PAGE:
The law was passed in the German parliament, the Bundestag, with the votes of the two coalition parties: the centre-right, conservative CDU and the centre-left, social democrat SPD. The SPD’s approval of the bill is adding to a number of recent party leadership decisions that have irritated, or even angered, the SPD’s left wing. The course of the party’s boss, and vice-chancellor,  Sigmar Gabriel, has led to a sentiment among the party’s grassroots faction that their leadership is betraying the ideals of social democracy, with Gabriel’s enthusiasm for the controversial transatlantic trade agreement, his MPs’ backing of a debated new security law that extends surveillance powers of the police, and, in recent days, his harsh criticism of the current Greek administration. A few days ago, in an opinion piece for the German newspaper DIE ZEIT, a writer publicly declared he would leave the SPD after two decades, and explicitly named the asylum law as a reason, which he called “contrary” to his “moral conscience”.

1993’s little brother

Above all, however, an ugly historical precedent casts a dark shadow on this law: the 1993 asylum reform. In the 1990s, following the German re-unification, there was a massive eruption of xenophobic and racist attitudes in the eastern part of Germany. The wave of racism culminated in a series of violent riots: in 1991, neo-nazis attacked foreign workers in the Eastern German town of Hoyerswerda, and a year later, in August 1992, right-wing extremists besieged a number of houses in Rostock-Lichtenhagen that were home to asylum seekers and contract workers. They set fire to the buildings and threw stones and bottles at them while the local population cheered for the extremists and the police failed to intervene. Instead of standing with the harassed and attacked refugees and defending tolerance as a moral value, the conservative establishment used the violence to further their political agenda.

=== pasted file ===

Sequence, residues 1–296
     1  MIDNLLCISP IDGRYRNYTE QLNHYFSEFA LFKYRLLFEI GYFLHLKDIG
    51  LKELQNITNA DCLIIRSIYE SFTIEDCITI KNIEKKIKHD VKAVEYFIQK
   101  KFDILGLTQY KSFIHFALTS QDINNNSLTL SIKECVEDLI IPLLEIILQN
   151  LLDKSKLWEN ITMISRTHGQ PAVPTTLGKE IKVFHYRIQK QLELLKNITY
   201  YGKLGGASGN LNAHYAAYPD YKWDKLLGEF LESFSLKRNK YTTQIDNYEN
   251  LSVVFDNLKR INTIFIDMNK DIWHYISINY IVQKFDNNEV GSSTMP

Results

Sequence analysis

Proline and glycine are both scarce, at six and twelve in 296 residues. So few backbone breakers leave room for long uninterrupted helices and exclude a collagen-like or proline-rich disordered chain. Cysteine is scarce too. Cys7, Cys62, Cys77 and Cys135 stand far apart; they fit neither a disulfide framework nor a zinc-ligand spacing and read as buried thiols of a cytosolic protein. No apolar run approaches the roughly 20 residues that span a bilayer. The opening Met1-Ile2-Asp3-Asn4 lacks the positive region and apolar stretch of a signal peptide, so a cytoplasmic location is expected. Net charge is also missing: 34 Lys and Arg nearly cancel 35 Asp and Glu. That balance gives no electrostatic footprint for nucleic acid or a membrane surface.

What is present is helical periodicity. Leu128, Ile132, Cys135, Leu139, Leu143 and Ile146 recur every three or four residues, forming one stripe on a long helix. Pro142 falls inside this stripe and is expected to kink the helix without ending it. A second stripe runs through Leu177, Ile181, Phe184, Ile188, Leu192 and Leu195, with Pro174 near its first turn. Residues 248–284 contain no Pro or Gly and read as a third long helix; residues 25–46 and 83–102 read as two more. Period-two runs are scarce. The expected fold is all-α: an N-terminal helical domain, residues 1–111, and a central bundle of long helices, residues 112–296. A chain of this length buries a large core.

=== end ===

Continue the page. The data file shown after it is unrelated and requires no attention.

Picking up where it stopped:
Safe third countries?

Arguing that the riots showed that the German public demanded further restrictions to the right to seek asylum, the centre-right CDU and their coalition partner FDP successfully pushed the opposition SPD (whose votes were needed to secure a majority) into accepting the “asylum compromise”. From then on, the right to seek asylum, guaranteed in Article 16 of the German constitution, was drastically restricted: firstly, refugees originating from “safe countries” could easily be sent back, and secondly, refugees who entered Germany via safe “third countries” were to be returned to those countries. As all the neighbouring countries of Germany qualified as “safe transit states”, it became effectively impossible for asylum seekers to enter Germany by land. The German government has since repeatedly extended the list of safe transit countries (which initially only encompassed European Union members).  The latest states were added last fall: asylum requests from Bosnia and Herzegovina, Serbia and Macedonia are now automatically rejected by German authorities and the asylum seekers deported – despite warnings by human rights activists that the minority groups of Sinti and Roma face severe discrimination in these countries.

The parallels of 1993 and 2015

The similarities between 1993 and 2015 are striking. Like in 1993, neonazi political crime is skyrocketing. In the first half of 2015 alone, authorities counted 150 politically motivated attacks on asylum seekers’ accommodations, compared to 170 in the entire year of 2014. Last winter, the Pegida movement attracted tens of thousands of people to its demonstrations by exploiting deep-rooted xenophobic attitudes. But in this situation, politicians have expressed sympathy for what they call “legitimate concerns” about immigration rather than distancing themselves from blatantly racist views. Twenty years ago, asylum seekers’ homes were set on fire and the government basically did the same thing, limiting the right to seek asylum – and today? History repeats itself.